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Routing is a core concept of the Internet and many other networks. Routing provides the means of forwarding logically addressed packets from their local subnetwork toward their ultimate destination. In large networks, packets may pass through many intermediary destinations before reaching their destination. Routing occurs at layer 3 of the OSI seven-layer model.
Hubs and switches move data on the local network, while the router has an awareness of the neighboring routers. See the router article for a description of the hardware technology and manufacturers of routers. The rest of this article describes routing in a hardware-independent way.
Knowing where to send packets requires a knowledge of the structure of the network. In small networks, routing can be very simple, and is often configured by hand. In large networks the topology of the network can become complex, and may change constantly, making the problem of constructing the routing tables very complex.
As routers can only recalculate the best routes very slowly relative to the rate of arrival of packets, routers keep a routing table that maintains a record of only the best possible routes to certain network destinations and the routing metrics associated with those routes.
Routing protocols facilitate the exchange of routing information between networks, allowing routers to build routing tables dynamically. Traditional IP routing stays simple because it uses next-hop routing where the router only needs to consider where it sends the packet, and does not need to consider the subsequent path of the packet on the remaining hops.
Although this dynamic routing can become very complex, it makes the Internet very flexible, and has allowed it to grow in size by more than eight orders of magnitude over the last thirty(?) years since adopting IP in 1983.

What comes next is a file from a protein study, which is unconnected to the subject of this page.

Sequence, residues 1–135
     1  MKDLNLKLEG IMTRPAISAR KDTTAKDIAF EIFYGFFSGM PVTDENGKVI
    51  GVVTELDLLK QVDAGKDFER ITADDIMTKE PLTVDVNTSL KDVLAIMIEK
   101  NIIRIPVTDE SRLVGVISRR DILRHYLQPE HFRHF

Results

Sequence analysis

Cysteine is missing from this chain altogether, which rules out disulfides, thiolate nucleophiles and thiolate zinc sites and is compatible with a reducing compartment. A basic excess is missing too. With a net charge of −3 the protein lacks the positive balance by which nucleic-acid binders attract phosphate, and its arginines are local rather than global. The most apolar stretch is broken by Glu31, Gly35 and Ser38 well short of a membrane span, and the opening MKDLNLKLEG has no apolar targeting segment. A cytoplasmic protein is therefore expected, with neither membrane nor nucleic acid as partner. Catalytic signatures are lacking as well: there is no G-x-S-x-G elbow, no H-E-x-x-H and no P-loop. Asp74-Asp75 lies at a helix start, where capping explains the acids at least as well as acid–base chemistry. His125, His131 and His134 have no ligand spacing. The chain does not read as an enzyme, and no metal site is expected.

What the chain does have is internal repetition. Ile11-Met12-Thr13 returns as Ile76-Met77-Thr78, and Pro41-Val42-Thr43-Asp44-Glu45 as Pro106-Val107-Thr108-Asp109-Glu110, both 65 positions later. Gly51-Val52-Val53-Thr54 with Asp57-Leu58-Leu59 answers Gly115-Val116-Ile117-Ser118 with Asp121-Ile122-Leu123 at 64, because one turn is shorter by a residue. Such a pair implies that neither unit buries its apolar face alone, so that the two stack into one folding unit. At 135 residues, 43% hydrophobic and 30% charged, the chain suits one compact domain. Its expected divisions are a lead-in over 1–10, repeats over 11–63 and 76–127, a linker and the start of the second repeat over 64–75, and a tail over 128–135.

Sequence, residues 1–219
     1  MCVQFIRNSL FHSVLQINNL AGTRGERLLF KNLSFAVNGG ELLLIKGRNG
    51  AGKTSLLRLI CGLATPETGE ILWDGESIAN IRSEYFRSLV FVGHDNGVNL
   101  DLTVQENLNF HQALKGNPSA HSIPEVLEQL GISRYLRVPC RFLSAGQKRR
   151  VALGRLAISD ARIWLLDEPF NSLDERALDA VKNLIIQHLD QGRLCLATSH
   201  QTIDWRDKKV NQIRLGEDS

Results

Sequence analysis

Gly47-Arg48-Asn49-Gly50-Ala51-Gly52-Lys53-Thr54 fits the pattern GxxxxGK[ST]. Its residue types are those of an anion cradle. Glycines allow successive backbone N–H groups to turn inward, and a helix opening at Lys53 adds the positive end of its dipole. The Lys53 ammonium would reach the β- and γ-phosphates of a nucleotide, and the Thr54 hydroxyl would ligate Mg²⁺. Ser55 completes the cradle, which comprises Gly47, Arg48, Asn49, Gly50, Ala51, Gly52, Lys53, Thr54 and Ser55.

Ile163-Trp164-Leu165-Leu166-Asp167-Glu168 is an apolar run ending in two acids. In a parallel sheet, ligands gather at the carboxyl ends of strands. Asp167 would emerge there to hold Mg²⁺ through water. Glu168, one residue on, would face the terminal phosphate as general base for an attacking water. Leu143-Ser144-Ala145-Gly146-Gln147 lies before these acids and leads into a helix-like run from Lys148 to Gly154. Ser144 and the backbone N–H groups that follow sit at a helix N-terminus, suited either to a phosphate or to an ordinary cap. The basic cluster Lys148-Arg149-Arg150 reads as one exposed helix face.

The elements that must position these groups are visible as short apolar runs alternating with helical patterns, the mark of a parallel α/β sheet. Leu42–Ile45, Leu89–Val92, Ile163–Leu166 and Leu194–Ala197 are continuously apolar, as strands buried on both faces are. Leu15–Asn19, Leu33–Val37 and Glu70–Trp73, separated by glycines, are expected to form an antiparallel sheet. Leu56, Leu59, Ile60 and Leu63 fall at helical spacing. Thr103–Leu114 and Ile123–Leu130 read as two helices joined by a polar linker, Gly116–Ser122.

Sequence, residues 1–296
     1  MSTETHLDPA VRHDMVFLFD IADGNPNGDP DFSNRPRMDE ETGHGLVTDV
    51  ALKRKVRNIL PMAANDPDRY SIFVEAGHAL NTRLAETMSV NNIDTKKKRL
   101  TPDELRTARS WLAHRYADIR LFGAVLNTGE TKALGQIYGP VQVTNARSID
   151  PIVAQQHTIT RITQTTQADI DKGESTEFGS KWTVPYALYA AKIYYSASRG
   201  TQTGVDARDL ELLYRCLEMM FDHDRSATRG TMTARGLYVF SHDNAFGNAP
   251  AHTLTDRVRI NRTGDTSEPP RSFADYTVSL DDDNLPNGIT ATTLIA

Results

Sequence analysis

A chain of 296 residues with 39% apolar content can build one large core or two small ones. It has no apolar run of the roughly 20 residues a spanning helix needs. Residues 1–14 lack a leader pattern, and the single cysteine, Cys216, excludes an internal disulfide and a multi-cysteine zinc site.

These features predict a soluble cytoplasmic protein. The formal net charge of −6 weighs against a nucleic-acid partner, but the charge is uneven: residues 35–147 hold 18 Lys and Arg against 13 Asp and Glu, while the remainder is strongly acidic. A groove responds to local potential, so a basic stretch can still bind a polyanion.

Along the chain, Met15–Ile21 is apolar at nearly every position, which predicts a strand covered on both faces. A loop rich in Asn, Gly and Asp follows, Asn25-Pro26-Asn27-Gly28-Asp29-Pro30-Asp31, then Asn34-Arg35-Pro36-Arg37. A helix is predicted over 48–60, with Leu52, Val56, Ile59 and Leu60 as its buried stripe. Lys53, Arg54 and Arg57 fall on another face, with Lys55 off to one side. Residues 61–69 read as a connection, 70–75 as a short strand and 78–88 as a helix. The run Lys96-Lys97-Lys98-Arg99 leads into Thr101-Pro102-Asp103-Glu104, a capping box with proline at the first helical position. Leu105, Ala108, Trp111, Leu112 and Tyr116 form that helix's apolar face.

Routing algorithms use two basic techologies:
- telling the world who your neighbors are: link-state routing protocols such as OSPF
- telling your neighbors what the world looks like: distance-vector routing protocols such as RIP
A routing metric consists of any value used by routing algorithms to determine whether one route is superior to another. Metrics can cover such information as bandwidth, delay, hop count, path cost, load, MTU, reliability, and communication cost. The routing table stores only the best possible routes, while link-state or topological databases may store all other information.
Depending on the relationship of the router relative to other autonomous systems, various classes of routing protocols exist:
- Ad hoc network routing protocols appear in networks with no or little infrastructure. For a list of a couple of the proposed protocols, see the Ad hoc protocol list
- Interior Gateway Protocols (IGPs) exchange routing information within a single autonomous system. Common examples include:
- IGRP/EIGRP (Interior Gateway Routing Protocol/ Enhanced IGRP)
- OSPF (Open Shortest Path First)
- RIP (Routing Information Protocol)
- IS-IS (Intermediate System to Intermediate System)
- Exterior Gateway Protocols (EGPs) route between separate autonomous systems. EGPs include:
- EGP (the original Exterior Gateway Protocol used to connect to the former Internet backbone network -- now obsolete)
- BGP (Border Gateway Protocol: at version BGPv4 as of 2002)
Topics for further discussion:
- Classless inter-domain routing (CIDR)
- Routing policy
- MPLS routing
- wormhole routing
- ATM routing
- Routing in the PSTN
- "Hot-potato routing"
- "Cold-potato routing"
- Mathematical complexity of routing with multiple metrics
- and hence the problem of Quality of Service in routing
- Router (includes a list of manufacturers)
- NAT (Network Address Translation)
- IP spoofing (Security)